I thought QuickTime was obviously cool when it first came out. It's hard not get all goggle-eyed when you first see movies running on a computer screen without any special hardware. Of course, like the joy of owning your first car, it fades with time and reality sets in. The questions of use and function comes to mind. Just what is QuickTime really good for? The two most obvious choices are entertainment and training. The big question then becomes how to make movies, since that requires additional hardware.
Along came SuperMac with a digitizer board for the home and low-end market. For less than $500 you can get the Video Spigot in either a PDS version for the LC or a NuBus version for the Mac II family. This board is not intended as a board for doing full screen captures or real time video captures, but it does a great job of capturing video and making it into QuickTime movies in the common sizes that run on all the Macs. That means that you can make movies on your Macintosh.
In addition, the VideoSpigot comes with Adobe Premier (for a limited time only). Adobe Premier alone costs as much as the price of the VideoSpigot (somewhere between $350 and $550 depending on the source), so the two together make an irresistible deal if you plan to have anything to do with QuickTime. Premier is the first full featured QuickTime editor to reach the market, and it has the ability to use some of Photoshop's modules, which makes it an incredibly powerful package. It also has 24 built-in transition effects, such as wipes and fades which make for very professional looking movies. You can even annotate your home movies if you are so inclined.
I purchased the NuBus version of the VideoSpigot for home use in my Quadra 900. The board itself is simple to install with only a simple RCA jack on the back which can be connected to your VCR's dubbing output through standard cables. If you are going to do audio input you will need a sound digitizer, such as the MacRecorder or the audio input that comes with most new Macs. The VideoSpigot comes with an application called ScreenPlay, which must be used to control the board and capture the video. As of this time, SuperMac is testing their "vdig" QuickTime extension, which will allow any standard QuickTime-compatible application to record video off the VideoSpigot, but that isn't available yet, so we are stuck with ScreenPlay.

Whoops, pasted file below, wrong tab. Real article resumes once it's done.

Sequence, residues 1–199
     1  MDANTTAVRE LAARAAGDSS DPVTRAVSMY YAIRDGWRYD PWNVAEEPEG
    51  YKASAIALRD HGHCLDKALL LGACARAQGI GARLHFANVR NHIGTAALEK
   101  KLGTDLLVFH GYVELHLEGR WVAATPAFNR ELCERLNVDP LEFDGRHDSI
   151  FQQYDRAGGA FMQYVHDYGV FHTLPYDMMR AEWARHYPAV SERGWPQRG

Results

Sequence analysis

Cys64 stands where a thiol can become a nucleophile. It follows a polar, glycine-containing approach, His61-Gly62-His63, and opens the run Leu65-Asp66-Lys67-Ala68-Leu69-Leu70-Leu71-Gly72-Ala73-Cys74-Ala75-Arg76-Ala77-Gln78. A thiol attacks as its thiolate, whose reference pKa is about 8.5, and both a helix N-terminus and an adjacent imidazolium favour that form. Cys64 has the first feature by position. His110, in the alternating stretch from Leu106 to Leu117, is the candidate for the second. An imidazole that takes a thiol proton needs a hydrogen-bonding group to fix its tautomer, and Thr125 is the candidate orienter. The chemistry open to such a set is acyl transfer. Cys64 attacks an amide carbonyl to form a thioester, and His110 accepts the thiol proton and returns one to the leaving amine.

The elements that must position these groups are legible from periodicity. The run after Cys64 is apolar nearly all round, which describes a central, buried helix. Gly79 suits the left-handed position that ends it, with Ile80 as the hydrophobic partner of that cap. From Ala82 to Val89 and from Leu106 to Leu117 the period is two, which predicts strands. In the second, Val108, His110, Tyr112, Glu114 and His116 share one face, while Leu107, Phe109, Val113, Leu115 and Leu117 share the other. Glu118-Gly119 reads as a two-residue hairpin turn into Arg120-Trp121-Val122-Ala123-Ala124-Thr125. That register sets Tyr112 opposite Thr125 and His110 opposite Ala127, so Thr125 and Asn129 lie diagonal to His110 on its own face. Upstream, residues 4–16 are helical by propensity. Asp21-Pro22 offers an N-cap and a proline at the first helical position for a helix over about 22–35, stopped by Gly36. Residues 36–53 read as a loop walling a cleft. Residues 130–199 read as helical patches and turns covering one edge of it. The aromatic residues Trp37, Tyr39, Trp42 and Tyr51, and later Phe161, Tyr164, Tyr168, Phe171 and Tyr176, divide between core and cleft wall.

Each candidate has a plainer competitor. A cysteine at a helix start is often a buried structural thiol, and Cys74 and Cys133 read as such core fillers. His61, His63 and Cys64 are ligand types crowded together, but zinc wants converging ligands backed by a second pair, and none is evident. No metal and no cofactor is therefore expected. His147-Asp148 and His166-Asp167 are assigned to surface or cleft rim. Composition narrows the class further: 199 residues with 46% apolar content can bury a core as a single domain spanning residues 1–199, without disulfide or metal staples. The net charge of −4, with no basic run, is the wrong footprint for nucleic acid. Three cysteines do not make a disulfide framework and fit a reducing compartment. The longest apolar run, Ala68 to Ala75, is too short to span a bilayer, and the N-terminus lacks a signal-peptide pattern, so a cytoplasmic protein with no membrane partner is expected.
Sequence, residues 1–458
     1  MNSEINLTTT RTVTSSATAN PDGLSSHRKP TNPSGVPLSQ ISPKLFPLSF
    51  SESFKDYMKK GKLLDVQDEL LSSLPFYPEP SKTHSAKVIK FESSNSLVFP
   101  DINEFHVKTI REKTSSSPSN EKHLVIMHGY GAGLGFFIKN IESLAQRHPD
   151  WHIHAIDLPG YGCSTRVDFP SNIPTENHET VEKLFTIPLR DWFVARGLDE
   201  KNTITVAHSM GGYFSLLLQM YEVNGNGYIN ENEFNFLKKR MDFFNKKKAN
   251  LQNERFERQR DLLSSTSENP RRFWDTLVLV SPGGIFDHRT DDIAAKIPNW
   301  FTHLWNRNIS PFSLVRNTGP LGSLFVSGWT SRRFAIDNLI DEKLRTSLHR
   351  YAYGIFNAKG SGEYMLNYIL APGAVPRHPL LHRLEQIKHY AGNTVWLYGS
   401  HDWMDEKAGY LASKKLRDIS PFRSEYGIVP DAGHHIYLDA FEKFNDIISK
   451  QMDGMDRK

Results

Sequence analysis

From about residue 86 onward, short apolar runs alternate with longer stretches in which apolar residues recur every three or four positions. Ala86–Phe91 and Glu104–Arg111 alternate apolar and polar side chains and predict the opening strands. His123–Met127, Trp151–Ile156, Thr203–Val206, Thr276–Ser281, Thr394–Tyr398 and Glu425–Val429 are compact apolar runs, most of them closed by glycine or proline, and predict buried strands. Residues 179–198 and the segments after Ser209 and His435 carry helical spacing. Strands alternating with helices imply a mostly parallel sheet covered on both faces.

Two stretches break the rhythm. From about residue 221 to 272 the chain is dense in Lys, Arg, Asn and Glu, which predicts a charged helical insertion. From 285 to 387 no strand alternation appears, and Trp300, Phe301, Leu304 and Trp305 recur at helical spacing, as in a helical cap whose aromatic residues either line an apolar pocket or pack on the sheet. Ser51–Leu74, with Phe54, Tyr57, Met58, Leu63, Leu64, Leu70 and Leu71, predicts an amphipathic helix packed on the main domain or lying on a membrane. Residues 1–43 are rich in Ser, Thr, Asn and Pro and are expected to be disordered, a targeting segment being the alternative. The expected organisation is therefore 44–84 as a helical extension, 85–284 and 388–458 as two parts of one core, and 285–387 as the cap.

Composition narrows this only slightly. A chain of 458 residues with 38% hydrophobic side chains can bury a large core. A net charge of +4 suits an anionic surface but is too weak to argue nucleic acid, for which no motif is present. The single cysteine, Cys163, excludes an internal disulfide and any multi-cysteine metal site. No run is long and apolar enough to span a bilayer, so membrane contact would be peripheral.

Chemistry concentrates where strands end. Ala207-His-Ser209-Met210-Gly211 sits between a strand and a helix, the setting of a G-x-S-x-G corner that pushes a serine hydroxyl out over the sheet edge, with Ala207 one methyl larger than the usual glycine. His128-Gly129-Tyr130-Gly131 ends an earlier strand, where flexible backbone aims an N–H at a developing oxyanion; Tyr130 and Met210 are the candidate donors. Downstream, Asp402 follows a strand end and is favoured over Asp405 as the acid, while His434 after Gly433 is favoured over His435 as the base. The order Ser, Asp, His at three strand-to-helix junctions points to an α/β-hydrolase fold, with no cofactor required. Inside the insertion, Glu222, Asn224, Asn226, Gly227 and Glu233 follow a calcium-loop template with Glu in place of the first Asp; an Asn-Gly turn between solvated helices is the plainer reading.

ScreenPlay is a simple program with only a couple of buttons. The Live button allows you to watch whatever comes into the VideoSpigot. Next to that is a Record Button, labeled simply with a red circle. Clicking it causes the program to record video to disk. Clicking it with the option key down causes it to record to memory, which will allow greater speed, but for a limited time. Next is the stop button which is labeled simply with a blue square. Finally there is a cropping tool, which allows you to limit the area recorded or displayed. The only other item on the screen is the grow box which allows you to expand the window to one of three allowed sizes - small, medium, and large - where large is one quarter of Apple's 13" RGB monitor.
ScreenPlay has a couple of options which you can set. You can adjust the color and hue with a couple of dubiously-labeled sliders. I found them very unclear in function and virtually useless, although I did wiggle them until my picture was sufficiently clear and about the right color. Later I realized that this is about the same thing I used to do with the color and tint dials on my TV before there was Automatic Fine Tuning. The preferences you can set allow you to set the disk for ScreenPlay to record to, turn the audio recording on or off, and modify the number of frames recorded per second.
I have obtained quite decent results with the VideoSpigot. The movies come out quite large from ScreenPlay, but in Premier I significantly dropped their sizes by trimming off the ends and changing the sound quality from 22 KHz to 11 KHz. I can easily record at 15 frames per second on my Quadra, except at the large size I can only record 11 fps (frames per second). Your mileage may vary.
My only complaint is that there appears to be a small black band on the side of my video. It appears on both the live picture and the recordings. I have not attempted to contact SuperMac about this, which shows it's not a very serious problem. I did get some great service from SuperMac though. When I bought my board it didn't work properly. I contacted SuperMac and went through a couple of gyrations of software double-checking before they drove someone out to my office with a replacement. Now it all works fine.
The VideoSpigot and ScreenPlay can also make stills from the video source. You simply drag the picture and a still peels off of the screen. You can control the size as a preference. You either drag one the same size as the screen, the large screen size, or a full screen still. In order to capture full screen stills, you need a still video source. I haven't played with this feature much since you cannot get very good stills from a video source. Video signals are a much lower quality than a full screen computer image. Nevertheless, the ability to record a full screen image appeals to many people, and ScreenPlay provides it. I would personally use a digital still source for my attempts, except that my digital VCR is in another room and not connected to my Mac. Maybe someday.
All in all, the VideoSpigot is the ideal home digitizer. It cheaply provides sufficient quality to enable you to completely fill all of your disk space with pointless QuickTime clips. If you are inclined, you can also use Premier to assemble your clips into an actual QuickTime movie. Go for it. You could be the next Steven Spielberg, assuming you can get Harrison Ford to star in your video.
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